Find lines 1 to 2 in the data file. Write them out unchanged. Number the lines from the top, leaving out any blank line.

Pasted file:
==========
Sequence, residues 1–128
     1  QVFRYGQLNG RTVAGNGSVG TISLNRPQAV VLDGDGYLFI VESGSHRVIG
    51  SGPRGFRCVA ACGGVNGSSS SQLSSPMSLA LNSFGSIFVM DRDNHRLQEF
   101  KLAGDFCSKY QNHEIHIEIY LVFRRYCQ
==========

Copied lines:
Sequence, residues 1–128
     1  QVFRYGQLNG RTVAGNGSVG TISLNRPQAV VLDGDGYLFI VESGSHRVIG